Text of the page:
When sleeping is no longer just a banal physiological need, but must even turn into an adventure of the spirit; when the search for a hotel no longer responds to the elementary impulses that arise at the end of a busy day but must become the concretization of one’s ambitions and vanity; when the room with a bed, wardrobe, and bathroom is not the most immediate answer to one’s search for a landing point in an unknown reality but must aim for a transcendence capable of transforming every shift into an odyssey.
In all these circumstances, booking a room at the Sala Silvermine Hotel can be the right move.
It is enough to go to the extreme north of the continent, find destinations that can arouse curiosity in the county of Vastmanland, in Sweden, and that’s it.
Sleeping in the Sala Silvermine Hotel is more than resting your tired limbs after a day of visits; instead, it is the continuation of those visits, the expansion of that atmosphere, the right completion of a journey that neither wants nor can stop, not even at night.
Because sleeping in rooms built inside an old silver mine cannot be considered just an adequate response to the legitimate needs for rest. It is wanting to try new, distinct sensations even at the moment when those impulses should be tried to put a brake.
Instead, customers follow each other at a good pace in what can rightly be considered the most original hotel on the planet. Although, in reality, its appearance is outside that of a traditional luxury hotel, suitable for a clientele able to spend something more to receive something more in return, as normally happens in structures of this type.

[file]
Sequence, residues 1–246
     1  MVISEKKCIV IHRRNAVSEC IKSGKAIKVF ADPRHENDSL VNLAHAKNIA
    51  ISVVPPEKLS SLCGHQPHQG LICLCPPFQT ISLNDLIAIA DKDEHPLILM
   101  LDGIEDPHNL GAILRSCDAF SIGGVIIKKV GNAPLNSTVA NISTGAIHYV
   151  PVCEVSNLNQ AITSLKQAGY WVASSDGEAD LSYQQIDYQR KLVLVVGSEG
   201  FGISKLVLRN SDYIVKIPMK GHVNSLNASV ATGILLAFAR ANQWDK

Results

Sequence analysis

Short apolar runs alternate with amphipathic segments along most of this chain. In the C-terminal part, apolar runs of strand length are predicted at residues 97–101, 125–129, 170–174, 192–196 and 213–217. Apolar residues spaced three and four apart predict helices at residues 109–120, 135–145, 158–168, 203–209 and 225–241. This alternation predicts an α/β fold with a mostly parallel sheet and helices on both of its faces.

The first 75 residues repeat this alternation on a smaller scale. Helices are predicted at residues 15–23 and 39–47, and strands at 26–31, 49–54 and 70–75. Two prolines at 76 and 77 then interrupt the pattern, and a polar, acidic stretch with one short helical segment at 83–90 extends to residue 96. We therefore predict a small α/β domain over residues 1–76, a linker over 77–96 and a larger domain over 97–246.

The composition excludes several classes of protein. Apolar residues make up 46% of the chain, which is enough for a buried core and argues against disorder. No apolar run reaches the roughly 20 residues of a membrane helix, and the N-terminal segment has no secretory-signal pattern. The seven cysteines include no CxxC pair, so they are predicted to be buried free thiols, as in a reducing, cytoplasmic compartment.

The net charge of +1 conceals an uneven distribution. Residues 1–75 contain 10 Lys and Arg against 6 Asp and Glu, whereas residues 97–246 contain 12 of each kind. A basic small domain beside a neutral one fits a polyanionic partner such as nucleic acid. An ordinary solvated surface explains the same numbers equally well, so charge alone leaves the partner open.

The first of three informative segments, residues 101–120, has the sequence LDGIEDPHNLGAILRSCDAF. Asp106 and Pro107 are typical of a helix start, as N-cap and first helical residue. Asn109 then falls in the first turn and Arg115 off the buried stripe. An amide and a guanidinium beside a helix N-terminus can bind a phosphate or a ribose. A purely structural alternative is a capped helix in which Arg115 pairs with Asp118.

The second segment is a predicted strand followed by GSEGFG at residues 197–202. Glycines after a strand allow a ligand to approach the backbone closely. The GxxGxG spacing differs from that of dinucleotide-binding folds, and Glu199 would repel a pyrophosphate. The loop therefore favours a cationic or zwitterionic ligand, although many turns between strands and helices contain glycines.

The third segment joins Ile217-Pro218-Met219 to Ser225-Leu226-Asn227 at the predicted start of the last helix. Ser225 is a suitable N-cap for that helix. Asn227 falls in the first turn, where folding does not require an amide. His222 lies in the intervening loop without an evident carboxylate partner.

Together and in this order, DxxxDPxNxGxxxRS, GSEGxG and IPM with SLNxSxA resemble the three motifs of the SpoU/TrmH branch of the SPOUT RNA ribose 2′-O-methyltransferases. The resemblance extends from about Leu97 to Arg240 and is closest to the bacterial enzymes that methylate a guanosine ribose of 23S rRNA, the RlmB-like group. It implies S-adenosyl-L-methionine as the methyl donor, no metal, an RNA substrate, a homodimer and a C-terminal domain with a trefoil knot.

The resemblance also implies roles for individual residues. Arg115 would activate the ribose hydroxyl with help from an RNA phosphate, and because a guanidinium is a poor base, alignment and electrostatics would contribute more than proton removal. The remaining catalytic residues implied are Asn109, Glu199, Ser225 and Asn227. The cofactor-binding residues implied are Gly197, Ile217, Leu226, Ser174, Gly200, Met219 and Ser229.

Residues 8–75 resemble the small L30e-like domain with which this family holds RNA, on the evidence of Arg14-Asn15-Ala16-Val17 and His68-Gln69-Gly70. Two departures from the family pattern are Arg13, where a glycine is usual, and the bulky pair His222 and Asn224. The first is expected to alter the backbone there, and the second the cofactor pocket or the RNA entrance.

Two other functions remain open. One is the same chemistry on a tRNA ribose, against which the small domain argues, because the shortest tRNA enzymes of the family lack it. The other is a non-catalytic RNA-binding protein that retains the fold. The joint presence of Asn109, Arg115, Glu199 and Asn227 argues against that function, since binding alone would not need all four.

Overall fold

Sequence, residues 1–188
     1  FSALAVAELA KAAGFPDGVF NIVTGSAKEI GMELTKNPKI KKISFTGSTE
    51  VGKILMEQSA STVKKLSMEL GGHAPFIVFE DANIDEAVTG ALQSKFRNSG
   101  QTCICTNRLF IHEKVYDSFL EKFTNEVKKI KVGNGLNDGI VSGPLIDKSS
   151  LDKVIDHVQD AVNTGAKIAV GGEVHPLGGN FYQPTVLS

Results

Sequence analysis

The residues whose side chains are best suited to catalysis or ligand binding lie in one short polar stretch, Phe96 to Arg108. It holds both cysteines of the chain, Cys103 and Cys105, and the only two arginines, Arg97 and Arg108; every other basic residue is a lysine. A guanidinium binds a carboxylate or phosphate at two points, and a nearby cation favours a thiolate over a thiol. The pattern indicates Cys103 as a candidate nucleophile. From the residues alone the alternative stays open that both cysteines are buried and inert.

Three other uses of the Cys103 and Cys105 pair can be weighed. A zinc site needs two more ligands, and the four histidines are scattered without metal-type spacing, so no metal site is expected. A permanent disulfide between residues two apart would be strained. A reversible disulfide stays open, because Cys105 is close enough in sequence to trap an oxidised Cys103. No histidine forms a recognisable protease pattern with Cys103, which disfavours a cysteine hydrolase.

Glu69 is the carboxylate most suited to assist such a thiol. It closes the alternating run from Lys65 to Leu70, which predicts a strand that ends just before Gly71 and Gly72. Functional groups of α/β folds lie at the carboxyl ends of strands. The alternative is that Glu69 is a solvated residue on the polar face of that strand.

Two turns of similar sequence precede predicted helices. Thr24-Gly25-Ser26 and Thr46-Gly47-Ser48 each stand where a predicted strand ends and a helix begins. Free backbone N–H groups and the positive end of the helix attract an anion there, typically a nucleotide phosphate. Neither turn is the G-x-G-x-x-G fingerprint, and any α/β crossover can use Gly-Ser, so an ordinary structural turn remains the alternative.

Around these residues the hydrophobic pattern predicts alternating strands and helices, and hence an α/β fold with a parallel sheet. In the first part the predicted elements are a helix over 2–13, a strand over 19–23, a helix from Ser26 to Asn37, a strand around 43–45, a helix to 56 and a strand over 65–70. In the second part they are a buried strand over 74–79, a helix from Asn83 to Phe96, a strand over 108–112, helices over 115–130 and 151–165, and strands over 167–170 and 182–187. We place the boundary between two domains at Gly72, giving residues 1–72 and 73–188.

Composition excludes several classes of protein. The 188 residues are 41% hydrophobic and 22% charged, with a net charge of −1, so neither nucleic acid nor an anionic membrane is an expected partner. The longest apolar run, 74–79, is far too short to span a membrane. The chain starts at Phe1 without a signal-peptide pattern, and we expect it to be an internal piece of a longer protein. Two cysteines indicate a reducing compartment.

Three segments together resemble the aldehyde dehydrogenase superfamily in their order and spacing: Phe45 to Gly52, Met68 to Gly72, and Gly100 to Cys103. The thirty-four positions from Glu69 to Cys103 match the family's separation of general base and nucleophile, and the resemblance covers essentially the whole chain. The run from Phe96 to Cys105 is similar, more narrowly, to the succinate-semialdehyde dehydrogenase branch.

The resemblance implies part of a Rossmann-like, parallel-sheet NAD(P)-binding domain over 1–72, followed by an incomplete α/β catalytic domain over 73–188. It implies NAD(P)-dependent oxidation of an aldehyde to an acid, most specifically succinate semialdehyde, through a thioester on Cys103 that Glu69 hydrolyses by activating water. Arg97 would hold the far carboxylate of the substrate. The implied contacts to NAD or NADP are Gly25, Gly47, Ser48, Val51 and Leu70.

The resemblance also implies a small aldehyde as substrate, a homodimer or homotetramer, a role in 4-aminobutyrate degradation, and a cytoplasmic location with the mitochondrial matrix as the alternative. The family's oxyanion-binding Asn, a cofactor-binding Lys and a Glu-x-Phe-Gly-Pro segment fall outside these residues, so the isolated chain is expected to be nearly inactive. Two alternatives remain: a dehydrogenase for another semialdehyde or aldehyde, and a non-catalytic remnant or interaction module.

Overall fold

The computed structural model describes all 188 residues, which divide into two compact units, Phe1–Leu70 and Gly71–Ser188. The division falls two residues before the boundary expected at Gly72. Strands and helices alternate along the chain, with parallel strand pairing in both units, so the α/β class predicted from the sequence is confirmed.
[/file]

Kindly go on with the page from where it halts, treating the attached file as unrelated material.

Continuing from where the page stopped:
To make the Sala Silvermine Hotel special is its suite: to access it, after regular booking and punctual payment of the equivalent of 500 euros in a local currency, one enters the elevator and presses the button on which it is written -155m. In short, one is transported to the depths of the earth to that depth, where, when the doors are opened, one can admire the scenery that is as unusual as it is fascinating.
Sleeping at those depths is a unique experience, as are the furnishing elements of the room, whose boundaries are obviously constituted by the rocky walls that for centuries bold miners had dug in search of the precious metal.
Appropriately adapted to the new use, they have themselves become luxury adornments, especially in the niche that houses a sumptuous double bed. Needless to say that at those depths the temperatures are rather low, but not impossible, given that the climate remains almost unchanged at all times of the year around 18 degrees centigrade.
The lighting is obviously dim, in order to recreate the original atmospheres of the time in which the shovel and pickaxe were worked in those parts and did not flinch in a bathrobe between the hot tub and the bar cabinet, and the furniture gives that 19th-century flavor which manages to add a necessary touch of realism.
Obviously claustrophobia is banned here: sleeping trapped in a hole under the ground is an experience suitable for a few.